Is that ketchup or blood oozing from Heinz

Updated: Jul 31 2006, 05:30am hrs
Nelson Peltz was agitated. In three decades as an activist investoror to others, corporate raiderPeltz has been called many things, but he was clearly flustered in a recent phone interview when told that the chief executive of Heinz had accused him of copying his own strategy for the company from Heinzs internal overhaul plan.

He said what Peltz asked incredulously. That is a 100% lie. Ill put my hand on the Bible. It gets my heart racing. Theyre just so desperate. The chief of Heinz, William R Johnson, is not fazed. Of Peltz, he said, He doesnt understand our business. Corporate Americas biggest food fight is about to get a lot messier.

In less than three weeks, shareholders of Heinz will vote on whether to back the companys current 12-member board and its management or install Peltzs five-member slate. Since Johnson became chief in 1998, Heinzs stock price slid 34% before Peltz arrived on the scene, although a recent plan to overhaul the company has been well received.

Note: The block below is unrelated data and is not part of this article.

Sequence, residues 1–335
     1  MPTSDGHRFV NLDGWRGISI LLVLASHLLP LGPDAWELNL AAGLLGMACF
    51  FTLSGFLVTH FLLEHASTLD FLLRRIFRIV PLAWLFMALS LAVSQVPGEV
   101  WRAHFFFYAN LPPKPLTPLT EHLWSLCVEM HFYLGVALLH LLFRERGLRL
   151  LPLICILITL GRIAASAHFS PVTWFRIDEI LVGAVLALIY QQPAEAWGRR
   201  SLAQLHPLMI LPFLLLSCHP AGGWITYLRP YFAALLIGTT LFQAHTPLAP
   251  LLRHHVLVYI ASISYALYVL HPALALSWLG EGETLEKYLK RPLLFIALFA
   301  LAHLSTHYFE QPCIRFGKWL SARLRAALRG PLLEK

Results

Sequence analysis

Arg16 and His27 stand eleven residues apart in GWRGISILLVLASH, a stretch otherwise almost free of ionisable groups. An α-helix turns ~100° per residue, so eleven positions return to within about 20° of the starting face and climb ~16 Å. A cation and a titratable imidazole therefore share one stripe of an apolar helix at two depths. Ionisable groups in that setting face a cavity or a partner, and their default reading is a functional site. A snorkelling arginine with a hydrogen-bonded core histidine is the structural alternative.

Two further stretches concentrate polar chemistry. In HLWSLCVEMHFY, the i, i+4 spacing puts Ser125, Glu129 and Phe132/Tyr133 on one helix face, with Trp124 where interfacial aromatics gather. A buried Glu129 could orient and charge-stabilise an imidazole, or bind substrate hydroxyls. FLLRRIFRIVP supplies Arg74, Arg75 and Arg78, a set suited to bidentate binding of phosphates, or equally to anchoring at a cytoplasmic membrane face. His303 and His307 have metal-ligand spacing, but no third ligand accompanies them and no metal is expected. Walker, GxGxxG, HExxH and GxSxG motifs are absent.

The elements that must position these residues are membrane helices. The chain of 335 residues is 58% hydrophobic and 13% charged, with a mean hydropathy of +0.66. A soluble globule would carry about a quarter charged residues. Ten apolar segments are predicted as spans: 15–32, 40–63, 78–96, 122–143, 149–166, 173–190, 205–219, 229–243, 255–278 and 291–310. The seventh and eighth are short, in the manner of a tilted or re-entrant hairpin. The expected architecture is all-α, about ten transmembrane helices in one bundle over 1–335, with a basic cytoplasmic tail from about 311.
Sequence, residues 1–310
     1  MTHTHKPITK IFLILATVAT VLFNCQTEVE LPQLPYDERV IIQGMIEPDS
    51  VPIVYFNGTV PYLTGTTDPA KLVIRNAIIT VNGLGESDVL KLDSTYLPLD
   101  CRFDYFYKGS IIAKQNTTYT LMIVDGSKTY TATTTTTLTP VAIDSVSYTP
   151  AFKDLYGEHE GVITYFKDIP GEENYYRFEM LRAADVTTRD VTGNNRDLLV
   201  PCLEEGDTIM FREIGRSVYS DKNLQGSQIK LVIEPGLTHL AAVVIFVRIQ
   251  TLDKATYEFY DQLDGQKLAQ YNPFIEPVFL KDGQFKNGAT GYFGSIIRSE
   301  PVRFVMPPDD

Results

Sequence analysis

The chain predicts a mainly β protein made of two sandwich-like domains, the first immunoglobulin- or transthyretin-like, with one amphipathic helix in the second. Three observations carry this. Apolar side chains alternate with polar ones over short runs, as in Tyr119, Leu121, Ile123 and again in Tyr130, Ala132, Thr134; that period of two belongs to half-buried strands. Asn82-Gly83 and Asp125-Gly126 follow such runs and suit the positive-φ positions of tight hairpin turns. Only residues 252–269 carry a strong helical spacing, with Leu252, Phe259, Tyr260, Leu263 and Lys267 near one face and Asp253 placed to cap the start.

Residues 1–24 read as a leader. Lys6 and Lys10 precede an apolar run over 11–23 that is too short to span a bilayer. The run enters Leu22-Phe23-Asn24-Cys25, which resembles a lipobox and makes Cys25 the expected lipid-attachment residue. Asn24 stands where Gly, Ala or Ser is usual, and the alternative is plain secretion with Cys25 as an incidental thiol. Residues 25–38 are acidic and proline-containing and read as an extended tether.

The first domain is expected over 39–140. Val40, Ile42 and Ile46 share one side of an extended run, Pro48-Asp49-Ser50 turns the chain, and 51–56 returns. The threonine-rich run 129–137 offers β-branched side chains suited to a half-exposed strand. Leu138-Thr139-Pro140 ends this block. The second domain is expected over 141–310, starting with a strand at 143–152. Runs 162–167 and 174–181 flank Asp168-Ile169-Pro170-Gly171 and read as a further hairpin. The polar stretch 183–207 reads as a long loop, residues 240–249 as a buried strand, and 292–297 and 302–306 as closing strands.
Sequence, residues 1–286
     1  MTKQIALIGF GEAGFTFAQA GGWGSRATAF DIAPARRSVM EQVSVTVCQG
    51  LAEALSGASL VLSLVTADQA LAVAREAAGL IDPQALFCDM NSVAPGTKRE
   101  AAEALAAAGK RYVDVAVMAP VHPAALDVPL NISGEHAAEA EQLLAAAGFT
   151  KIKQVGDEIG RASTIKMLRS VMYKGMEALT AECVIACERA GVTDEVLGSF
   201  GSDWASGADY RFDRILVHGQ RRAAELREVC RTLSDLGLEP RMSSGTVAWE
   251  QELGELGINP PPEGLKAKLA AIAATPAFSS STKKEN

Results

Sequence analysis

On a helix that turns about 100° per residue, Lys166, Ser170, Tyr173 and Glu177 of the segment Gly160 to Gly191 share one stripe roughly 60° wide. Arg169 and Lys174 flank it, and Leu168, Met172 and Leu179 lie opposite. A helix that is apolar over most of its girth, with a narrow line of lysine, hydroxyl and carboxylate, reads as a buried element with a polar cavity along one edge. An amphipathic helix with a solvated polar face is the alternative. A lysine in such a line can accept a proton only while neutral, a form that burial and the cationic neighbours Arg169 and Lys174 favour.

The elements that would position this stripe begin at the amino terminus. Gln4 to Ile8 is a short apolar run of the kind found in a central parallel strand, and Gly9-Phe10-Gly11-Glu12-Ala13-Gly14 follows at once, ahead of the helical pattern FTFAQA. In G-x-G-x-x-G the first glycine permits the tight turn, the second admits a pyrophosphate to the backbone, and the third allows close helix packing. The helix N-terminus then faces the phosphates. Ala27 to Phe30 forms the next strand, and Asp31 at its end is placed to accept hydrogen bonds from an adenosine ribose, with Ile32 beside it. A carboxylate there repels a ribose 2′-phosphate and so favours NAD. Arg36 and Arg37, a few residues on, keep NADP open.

But Peltz wants to shake up the ketchup company aggressively, cutting costs and pouring more money into marketing.

The battle has become more than just about a referendum on the companys leadership, it has become a battle of personalities, culture clashes and frequent attempts at mudslinging. For example, D Edward I Smyth, chief administrative officer of Heinz, referred to Peltz's efforts as a smash and grab job, while the Peltz side dismissed Heinz's overhaul: We don't believe their promises, Peltzs business partner, Peter W May, said.

The fight over Heinz, which was founded in 1869 as Heinz & Noble in Pittsburgh selling horseradish, is also part of the greater battle for control of the nations boardrooms that is being waged by increasingly aggressive and vocal shareholders trying to create changes to try to increase stock prices, a tactic that has been employed both successfully and unsuccessfully by investors like Carl C Icahn, Kirk Kerkorian and Bruce Sherman.

Peltz, who made his fortune in the 1980s and 1990s through a string of acquisitionsone with the help of Michael R Milkens junk bondsstarted an investment fund last year called Trian Partners to focus on what he likes to call operational activism, a brand of investor outrage and involve- ment that is focused more on finding efficiencies in a companys operations than simply its balance sheet, leveraging his experience running businesses.

Now Peltz, 63, is trying to spice up Heinz, whose shares have risen about 20% since he went public with his campaign. Peltz insists that he is a long-term shareholder, countering Johnson's assertions that he is a quick-flipper.

NY TIMES / Andrew Ross Sorkin